June 5, 2004
By BEN RATLIFF
The young alto saxophonist Miguel Zenon has shown a ferocious sense of organization in the past. His first album, ''Looking Forward,'' from 2001, was more evolved than most first albums: he already had a saxophone sound, strong and light, and his composing exhibited a broad intellect busily chewing up new jazz harmony and folkloric music of his native Puerto Rico.
Recently, he was awarded a grant from the New York State Council on the Arts, administered by the Jazz Gallery, to write new music and present it at that space. And where many bandleaders benefit from grants simply by doing more of what they're already doing and giving it a collective title, Mr. Zenon conceived a discrete, research-intensive project that has resulted in his best music yet.
''Jibaro Journeys: Music From the Mountains of Puerto Rico,'' which had its first performance on Thursday night at the Jazz Gallery, needs some more bandstand exercise. A greater sense of intuition and casual play will eventually seep in. But I've rarely seen a jazz composer step forward with a project so impressively organized, intellectually powerful and well played from the start.
Mr. Zenon examined his own musical roots, as so many new-world composers have, and found things he could use. He became entranced by the jibaro singers of Puerto Rico -- the back-country troubadours of the island. Their musical folklore is jammed with form, and one of its glories is the décima, a song divided into 10-line stanzas with a rhyme-scheme of ABBAA and CCDDC; each line has eight syllables, and the mark of a great jibaro singer is the ability to improvise the whole thing. Mr. Zenon has taken up the idea of the décima as well as that of the other song genres, the seis and the aguinaldo. Instead of traditional Puerto Rican string instruments, he's using a jazz quartet of saxophone, piano, bass and drums.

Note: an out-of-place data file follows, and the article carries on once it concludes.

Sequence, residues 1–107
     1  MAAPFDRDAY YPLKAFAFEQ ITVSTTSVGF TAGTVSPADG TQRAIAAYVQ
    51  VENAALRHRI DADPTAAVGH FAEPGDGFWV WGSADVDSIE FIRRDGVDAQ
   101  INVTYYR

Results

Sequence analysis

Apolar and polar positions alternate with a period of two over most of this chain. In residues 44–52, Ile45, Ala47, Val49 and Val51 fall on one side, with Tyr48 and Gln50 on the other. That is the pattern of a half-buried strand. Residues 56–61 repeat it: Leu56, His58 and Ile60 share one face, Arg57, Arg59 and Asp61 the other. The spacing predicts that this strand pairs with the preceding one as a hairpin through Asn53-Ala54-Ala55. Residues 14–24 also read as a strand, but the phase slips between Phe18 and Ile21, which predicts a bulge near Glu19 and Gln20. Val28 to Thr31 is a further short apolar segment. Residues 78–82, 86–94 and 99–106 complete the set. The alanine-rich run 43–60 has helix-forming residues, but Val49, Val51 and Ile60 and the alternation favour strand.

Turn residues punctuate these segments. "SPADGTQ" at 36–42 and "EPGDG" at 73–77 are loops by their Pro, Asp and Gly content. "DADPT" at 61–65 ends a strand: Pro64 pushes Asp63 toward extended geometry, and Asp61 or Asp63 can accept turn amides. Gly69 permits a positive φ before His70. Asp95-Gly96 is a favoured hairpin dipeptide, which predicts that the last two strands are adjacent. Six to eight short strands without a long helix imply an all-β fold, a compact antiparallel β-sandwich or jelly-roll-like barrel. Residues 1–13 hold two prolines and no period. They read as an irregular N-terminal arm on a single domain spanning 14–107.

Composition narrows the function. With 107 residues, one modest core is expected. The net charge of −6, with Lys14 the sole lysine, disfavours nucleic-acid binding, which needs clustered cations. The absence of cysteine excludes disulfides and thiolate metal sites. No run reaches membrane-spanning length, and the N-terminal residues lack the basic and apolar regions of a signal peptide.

A composer's fascination with numbers isn't a graduate school contrivance. It's there in Steve Coleman's jazz (which is starting to shine more clearly as an influence on Mr. Zenon), in Puerto Rican mountain music, in Bach and in Pythagoras. Since the form of décima, in particular, is built around the numbers 5 and 10, Mr. Zenon took the concept further. He composed 10 pieces, 5 of them performed in each set on Thursday. He plugged the numbers into the music's harmonic material, using fifth chords. And in some pieces he followed the rhyme scheme of the décima, using mirroring musical phrases where a singer would use lyric rhymes.
For whatever reason, all this theory set Mr. Zenon on fire: the outcome was a direct, powerful music, balancing folkish melody and infernally complex rhythm. The pieces were thoroughly written out, even (and especially) for drums. The driving vamps, based in Afro-Cuban rhythm, were unusually accented, and the pianist Luis Perdomo, the bassist Hans Glawischnig and the drummer Antonio Sanchez played them tenaciously.
Mr. Zenon's own lithe, clean saxophone sound, floating in relaxed long tones over the crooked beat and then gnashing through tight chromatic patterns, has a human, casual quality; it counterbalances the impressive brain-stuff elsewhere in the music. The band played through this load of written music without faltering. But when it learns to relax and improvise within it, the achievement will be even greater.